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Home School Life Journal
"Let us strive to make each moment beautiful."
Saint Francis DeSales
painting by Katie Bergenholtz

DIY Medieval Fantasy Camp, part 4: Meeting The Mentor, part 2: The Healer's Guild

Healer's Guild


These activities and lessons are based on the lessons at the Red Cross UK website. You nay want to go there are get more ideas and lessons for your students based on their interests and knowledge. You could also either purchase or borrow from the library a book on first aid.


Warm-up


Have your students brainstorm what situations your student's characters may go through in which they might need first aid. They might come up with abrasions, broken bones, rashes, etc. You can have them just say them verbally, say them while you write them down on a whiteboard or have them write them down in small groups and then review them together. 


First Aid Lessons


The first lesson is to always call an adult and/or 911 in the case of emergency. The following first aid steps are what to do after you have called for help and while you are waiting for help to arrive. This is why it is called first aid.

  • Heavy Bleeding: Apply pressure to wound, whether it be by hand or cloth until help arrives.
  • Broken Bone: Support the injury with hand, cushion or cloth to prevent movement.
  • Severe Burns: Run cool running water over burn for 10 minutes while waiting for help to arrive. Wrap in clear plastic bag.
  • Head Injury: Ask person to rest and apply something cold to the injury.
  • Choking: Give back blows by bending the person forwards and hitting them firmly between the shoulder blades.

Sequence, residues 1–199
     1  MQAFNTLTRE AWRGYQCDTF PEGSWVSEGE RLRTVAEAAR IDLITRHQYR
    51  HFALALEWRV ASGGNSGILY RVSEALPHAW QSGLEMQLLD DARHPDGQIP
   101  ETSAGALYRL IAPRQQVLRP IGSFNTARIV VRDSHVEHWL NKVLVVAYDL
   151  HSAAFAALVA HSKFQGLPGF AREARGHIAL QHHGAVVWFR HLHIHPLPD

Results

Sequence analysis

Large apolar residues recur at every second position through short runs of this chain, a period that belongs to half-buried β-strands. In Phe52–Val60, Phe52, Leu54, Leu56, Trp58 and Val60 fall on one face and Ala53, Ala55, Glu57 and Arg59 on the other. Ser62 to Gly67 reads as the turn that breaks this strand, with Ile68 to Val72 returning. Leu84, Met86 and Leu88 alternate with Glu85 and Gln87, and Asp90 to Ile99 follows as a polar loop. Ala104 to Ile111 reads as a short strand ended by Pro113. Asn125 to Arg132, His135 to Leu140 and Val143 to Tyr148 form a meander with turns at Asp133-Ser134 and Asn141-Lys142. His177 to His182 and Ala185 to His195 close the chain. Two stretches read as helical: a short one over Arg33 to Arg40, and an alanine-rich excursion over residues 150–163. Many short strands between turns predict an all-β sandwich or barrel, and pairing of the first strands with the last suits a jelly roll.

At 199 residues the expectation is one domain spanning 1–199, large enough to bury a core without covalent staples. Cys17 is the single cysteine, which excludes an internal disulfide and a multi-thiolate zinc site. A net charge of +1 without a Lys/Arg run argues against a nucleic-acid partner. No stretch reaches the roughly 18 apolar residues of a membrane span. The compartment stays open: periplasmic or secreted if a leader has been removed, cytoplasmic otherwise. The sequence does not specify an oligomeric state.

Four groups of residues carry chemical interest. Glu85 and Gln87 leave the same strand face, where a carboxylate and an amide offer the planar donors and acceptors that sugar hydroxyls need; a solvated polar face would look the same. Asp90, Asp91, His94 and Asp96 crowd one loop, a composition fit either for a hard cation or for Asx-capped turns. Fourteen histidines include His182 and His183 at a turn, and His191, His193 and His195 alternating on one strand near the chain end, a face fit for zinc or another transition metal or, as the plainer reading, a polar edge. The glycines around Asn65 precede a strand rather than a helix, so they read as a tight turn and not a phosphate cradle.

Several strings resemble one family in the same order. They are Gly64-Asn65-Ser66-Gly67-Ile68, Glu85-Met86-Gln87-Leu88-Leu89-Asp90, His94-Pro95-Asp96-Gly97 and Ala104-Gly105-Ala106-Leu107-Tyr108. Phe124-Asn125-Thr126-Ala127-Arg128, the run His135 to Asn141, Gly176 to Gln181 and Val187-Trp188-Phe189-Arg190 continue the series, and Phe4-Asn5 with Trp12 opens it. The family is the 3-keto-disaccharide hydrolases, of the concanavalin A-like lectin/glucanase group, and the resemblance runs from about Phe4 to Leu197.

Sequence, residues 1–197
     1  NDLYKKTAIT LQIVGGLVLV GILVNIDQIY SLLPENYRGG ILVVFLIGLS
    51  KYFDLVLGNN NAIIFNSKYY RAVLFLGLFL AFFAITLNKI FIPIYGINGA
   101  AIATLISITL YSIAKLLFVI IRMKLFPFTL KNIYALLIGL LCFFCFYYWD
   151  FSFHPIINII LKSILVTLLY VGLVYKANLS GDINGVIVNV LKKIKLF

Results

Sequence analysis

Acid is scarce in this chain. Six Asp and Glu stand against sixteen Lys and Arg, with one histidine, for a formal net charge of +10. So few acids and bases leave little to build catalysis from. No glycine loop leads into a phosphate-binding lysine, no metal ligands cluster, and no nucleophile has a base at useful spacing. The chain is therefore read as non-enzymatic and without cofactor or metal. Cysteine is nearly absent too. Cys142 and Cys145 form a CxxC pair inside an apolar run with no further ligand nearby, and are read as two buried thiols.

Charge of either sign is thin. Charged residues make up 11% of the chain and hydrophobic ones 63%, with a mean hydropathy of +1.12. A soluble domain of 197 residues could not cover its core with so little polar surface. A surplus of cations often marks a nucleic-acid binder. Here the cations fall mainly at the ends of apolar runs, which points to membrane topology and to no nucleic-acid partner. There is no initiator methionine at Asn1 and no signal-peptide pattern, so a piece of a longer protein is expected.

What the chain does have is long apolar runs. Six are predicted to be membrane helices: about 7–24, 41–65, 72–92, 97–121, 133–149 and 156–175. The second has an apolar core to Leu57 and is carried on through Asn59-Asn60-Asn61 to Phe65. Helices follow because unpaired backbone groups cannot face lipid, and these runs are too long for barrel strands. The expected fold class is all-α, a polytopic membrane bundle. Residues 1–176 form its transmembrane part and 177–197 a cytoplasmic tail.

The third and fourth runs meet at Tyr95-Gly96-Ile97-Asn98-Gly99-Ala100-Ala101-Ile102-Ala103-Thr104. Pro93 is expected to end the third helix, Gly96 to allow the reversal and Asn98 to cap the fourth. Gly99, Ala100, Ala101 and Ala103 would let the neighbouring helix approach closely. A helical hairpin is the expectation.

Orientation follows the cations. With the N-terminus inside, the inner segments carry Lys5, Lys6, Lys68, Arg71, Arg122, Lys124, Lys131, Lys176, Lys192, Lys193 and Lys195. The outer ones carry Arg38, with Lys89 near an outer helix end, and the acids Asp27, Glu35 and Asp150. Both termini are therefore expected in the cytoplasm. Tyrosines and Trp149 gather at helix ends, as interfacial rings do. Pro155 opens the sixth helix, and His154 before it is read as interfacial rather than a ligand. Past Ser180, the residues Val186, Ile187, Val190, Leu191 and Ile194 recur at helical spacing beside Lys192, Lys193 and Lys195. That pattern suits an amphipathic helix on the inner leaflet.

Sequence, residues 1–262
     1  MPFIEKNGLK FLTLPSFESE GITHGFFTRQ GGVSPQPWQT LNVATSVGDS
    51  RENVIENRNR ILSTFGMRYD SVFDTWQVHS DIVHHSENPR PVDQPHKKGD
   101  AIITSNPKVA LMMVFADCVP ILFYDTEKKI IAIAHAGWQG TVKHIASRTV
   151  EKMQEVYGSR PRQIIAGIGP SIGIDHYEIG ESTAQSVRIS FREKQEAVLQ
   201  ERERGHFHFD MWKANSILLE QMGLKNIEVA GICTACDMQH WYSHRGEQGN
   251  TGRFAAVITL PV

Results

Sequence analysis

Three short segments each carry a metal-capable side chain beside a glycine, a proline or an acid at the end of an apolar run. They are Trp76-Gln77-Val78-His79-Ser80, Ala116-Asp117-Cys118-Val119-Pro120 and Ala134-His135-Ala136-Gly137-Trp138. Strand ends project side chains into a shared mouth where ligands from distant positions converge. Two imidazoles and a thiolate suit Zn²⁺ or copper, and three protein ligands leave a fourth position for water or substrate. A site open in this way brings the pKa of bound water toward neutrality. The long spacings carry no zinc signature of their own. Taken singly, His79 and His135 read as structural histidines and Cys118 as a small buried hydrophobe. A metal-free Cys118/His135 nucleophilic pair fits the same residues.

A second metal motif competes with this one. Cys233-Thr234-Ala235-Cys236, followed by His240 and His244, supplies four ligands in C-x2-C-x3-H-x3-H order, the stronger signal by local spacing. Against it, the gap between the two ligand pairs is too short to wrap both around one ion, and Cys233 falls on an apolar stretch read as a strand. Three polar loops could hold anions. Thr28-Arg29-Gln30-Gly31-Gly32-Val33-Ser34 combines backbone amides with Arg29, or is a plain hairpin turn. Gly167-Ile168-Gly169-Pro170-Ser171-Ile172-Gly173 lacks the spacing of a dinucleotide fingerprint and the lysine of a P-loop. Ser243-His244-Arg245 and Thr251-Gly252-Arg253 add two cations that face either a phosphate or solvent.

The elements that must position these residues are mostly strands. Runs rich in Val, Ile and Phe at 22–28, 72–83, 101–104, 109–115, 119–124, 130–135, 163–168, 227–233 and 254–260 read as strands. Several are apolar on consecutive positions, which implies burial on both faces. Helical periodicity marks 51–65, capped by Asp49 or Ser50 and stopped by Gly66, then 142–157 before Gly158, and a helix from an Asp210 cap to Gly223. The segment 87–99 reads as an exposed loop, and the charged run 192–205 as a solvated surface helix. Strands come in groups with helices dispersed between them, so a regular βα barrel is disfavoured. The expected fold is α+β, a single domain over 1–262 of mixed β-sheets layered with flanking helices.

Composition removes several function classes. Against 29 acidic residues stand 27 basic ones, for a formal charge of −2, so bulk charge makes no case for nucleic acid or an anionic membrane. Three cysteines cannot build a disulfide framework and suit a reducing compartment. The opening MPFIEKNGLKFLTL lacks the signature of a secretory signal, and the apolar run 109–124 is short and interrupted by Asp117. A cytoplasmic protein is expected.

• Hypothermia: Wrap the person in warm clothes and a blanket, give him warm drinks and high energy foods like chocolate.
  • Sprains: Rest injured area and apply ice pack.
  • Unresponsive and Breathing: Tilt head back and watch chest for breathing. If breathing, move them on their side and tilt head back.
  • Unresponsive and Not BreathingTilt their head back and look at their chest or stomach to see if it is moving. Look, listen and feel for breaths on your cheek. If they are not breathing, their chest or stomach will not be moving. Give chest compressions by pushing firmly in the middle of their chest and then releasing. Push firmly, at a regular rate, until help arrives.

Creating Healing Spells

As we are (hopefully!) only going to be having pretend injuries in our battles, then we can heal with pretend spells. Students will also make them sound mystical by translating the key commands in Latin. All students need for this is a English-Latin dictionary or access to the Internet through Smartphone or laptop computer. Students write these spells as long as they can justify them with the correct methods of first aid. For example, to cure severe wounds, they would need a piece of cloth and to utter the Latin words, "Firmiter Press!" which means,"press firmly!" Or, for Cure Head Wounds, utter the words, "et requiem applicare frigus" which means "rest and apply cold." As long as students correctly identify how to use first aid and convert these instructions I to Latin, they are able to cast their spells and have a chance to heal their fellow students of their battle injuries.

1 comment:

  1. I like the idea of translating the spells into Latin, that makes for a good practice.

    ReplyDelete

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